Over the past few months, our television screens and social media feeds have exposed us to the graphic nightmares currently plaguing humanity. Terrorism, violent uprisings and devastating conflicts now afflict several parts of the world, with no corner of our planet seemingly immune to these challenges or their consequences.
The Uganda Market Price Update is produced by the Analysis, Monitoring and Evaluation (AME) Unit of the World Food Programme Uganda on a monthly basis. Price data collected by staff at WFP Sub offices in Moroto, Kotido, Kaabong and Nakapiripirit is analyzed along with price data from Gulu, Kampala, Mbarara, Soroti, Tororo, Lira and Mbale. The update is divided into four sections; Karamoja markets, Price trends over one year, Other Markets and table on Price changes.
Between January and December 2015, open sources reported 29 times on administrative decisions by states (26) or non-state actors (3) that affected aid agencies’ abilities to deliver aid. Seven reports referred to newly introduced bills, laws or regulations and 22 described specific measures using existing laws or regulations that affected the work of humanitarian organisations or their local partners.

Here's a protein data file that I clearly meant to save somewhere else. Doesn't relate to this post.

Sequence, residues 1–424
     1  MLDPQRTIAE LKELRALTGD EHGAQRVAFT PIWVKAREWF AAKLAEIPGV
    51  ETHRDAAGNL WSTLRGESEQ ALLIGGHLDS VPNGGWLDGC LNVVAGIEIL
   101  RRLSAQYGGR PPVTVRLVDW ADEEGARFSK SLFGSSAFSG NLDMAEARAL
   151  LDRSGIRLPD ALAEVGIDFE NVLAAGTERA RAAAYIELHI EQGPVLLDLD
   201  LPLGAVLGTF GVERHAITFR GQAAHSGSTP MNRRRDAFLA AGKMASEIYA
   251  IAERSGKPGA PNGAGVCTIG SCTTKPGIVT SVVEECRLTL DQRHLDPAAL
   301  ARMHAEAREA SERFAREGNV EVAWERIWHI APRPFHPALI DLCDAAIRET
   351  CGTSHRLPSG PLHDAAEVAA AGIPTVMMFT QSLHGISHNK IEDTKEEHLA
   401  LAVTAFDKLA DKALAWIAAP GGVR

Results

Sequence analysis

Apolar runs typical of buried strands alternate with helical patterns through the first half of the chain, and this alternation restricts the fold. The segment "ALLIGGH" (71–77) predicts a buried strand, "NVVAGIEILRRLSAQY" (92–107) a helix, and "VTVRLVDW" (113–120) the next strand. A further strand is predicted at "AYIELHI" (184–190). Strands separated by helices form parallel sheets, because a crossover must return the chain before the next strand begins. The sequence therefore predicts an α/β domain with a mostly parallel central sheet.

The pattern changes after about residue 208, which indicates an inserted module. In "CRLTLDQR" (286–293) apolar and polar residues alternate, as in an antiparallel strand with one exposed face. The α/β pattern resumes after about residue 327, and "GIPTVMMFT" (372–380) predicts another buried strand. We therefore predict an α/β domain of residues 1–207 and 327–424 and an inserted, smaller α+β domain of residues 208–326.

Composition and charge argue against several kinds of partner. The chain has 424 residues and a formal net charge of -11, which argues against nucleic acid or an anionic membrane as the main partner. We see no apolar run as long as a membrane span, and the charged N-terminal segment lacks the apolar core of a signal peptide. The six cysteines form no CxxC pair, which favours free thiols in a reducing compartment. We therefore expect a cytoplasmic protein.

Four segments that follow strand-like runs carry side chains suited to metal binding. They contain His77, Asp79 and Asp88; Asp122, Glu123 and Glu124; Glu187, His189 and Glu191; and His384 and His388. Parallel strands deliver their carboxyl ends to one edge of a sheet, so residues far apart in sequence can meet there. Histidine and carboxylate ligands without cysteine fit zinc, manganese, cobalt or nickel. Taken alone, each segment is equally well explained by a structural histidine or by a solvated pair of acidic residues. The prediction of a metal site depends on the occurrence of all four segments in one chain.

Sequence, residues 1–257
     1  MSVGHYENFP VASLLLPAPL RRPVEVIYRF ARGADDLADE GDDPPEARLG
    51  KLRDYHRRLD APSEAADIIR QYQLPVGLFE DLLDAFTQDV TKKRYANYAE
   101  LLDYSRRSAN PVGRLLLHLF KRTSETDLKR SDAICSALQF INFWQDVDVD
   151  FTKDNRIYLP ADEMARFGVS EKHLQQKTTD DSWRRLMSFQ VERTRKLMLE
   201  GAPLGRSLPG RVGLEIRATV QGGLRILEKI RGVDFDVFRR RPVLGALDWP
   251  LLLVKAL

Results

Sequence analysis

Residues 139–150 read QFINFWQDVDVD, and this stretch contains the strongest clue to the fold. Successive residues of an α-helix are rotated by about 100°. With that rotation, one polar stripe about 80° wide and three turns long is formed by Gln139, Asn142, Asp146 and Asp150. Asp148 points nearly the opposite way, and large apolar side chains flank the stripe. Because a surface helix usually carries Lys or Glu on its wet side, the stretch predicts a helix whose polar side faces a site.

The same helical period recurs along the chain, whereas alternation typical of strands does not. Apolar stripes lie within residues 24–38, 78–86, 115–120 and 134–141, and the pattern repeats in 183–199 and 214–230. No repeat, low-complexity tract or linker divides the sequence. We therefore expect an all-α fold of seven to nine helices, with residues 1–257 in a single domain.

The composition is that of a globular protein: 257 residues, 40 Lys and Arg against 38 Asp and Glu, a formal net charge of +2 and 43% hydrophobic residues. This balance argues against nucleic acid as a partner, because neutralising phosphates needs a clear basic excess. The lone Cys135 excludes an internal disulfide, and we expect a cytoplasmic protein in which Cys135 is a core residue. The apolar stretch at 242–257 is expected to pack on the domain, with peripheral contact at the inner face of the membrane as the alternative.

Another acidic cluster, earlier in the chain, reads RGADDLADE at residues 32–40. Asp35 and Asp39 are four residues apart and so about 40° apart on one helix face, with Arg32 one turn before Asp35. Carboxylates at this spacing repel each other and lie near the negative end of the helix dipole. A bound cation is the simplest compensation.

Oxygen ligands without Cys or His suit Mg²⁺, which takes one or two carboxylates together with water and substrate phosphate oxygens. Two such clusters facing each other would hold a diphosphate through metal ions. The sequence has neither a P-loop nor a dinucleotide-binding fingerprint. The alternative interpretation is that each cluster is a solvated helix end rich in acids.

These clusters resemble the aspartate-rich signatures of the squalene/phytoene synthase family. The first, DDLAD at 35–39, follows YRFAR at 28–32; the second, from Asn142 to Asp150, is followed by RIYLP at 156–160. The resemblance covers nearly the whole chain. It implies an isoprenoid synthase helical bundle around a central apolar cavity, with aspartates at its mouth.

Summary of WFP assistance:
WFP's interventions in Uganda focus on three priority areas: emergency humanitarian action; food and nutrition security; and agriculture and market support, which includes Purchase for Progress (P4P). These are implemented through a Protracted Relief and Recovery Operation (PRR0 200824) for emergency humanitarian action and a country programme (200894) for food and nutrition security and agriculture and market support.
Authors: Anouk Rigterink
- 1,696,962 internally displaced people
- 643,046 South Sudanese refugees in neighboring countries
- 263,000 refugees in South Sudan
- 20,694 refugee new arrivals in South Sudan
- 10 refugee camps
- 6 UNMISS Protection of Civilians sites for IDPs
- $116,275,632 in funding received by UNHCR (28% of the budget required for comprehensive needs)
A set of briefs on gender and climate change that highlights how CIFOR and partner organizations are addressing current and emerging policy issues, with insights and recommendations based on experience.
Gender and climate change Evidence and experience